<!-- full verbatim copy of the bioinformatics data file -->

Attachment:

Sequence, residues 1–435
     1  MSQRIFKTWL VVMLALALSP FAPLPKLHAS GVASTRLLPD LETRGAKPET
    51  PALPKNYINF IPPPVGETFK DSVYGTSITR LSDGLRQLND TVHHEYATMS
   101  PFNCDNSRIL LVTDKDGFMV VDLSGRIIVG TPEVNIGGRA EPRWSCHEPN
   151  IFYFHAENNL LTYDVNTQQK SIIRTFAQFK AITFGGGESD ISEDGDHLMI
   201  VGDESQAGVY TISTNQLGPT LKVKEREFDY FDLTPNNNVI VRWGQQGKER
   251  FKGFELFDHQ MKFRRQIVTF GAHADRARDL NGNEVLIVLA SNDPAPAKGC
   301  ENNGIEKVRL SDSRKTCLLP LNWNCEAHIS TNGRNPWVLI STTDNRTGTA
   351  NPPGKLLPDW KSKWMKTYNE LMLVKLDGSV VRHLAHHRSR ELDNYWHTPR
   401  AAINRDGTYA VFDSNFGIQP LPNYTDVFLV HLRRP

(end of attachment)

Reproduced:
Sequence, residues 1–435
     1  MSQRIFKTWL VVMLALALSP FAPLPKLHAS GVASTRLLPD LETRGAKPET
    51  PALPKNYINF IPPPVGETFK DSVYGTSITR LSDGLRQLND TVHHEYATMS
   101  PFNCDNSRIL LVTDKDGFMV VDLSGRIIVG TPEVNIGGRA EPRWSCHEPN
   151  IFYFHAENNL LTYDVNTQQK SIIRTFAQFK AITFGGGESD ISEDGDHLMI
   201  VGDESQAGVY TISTNQLGPT LKVKEREFDY FDLTPNNNVI VRWGQQGKER
   251  FKGFELFDHQ MKFRRQIVTF GAHADRARDL NGNEVLIVLA SNDPAPAKGC
   301  ENNGIEKVRL SDSRKTCLLP LNWNCEAHIS TNGRNPWVLI STTDNRTGTA
   351  NPPGKLLPDW KSKWMKTYNE LMLVKLDGSV VRHLAHHRSR ELDNYWHTPR
   401  AAINRDGTYA VFDSNFGIQP LPNYTDVFLV HLRRP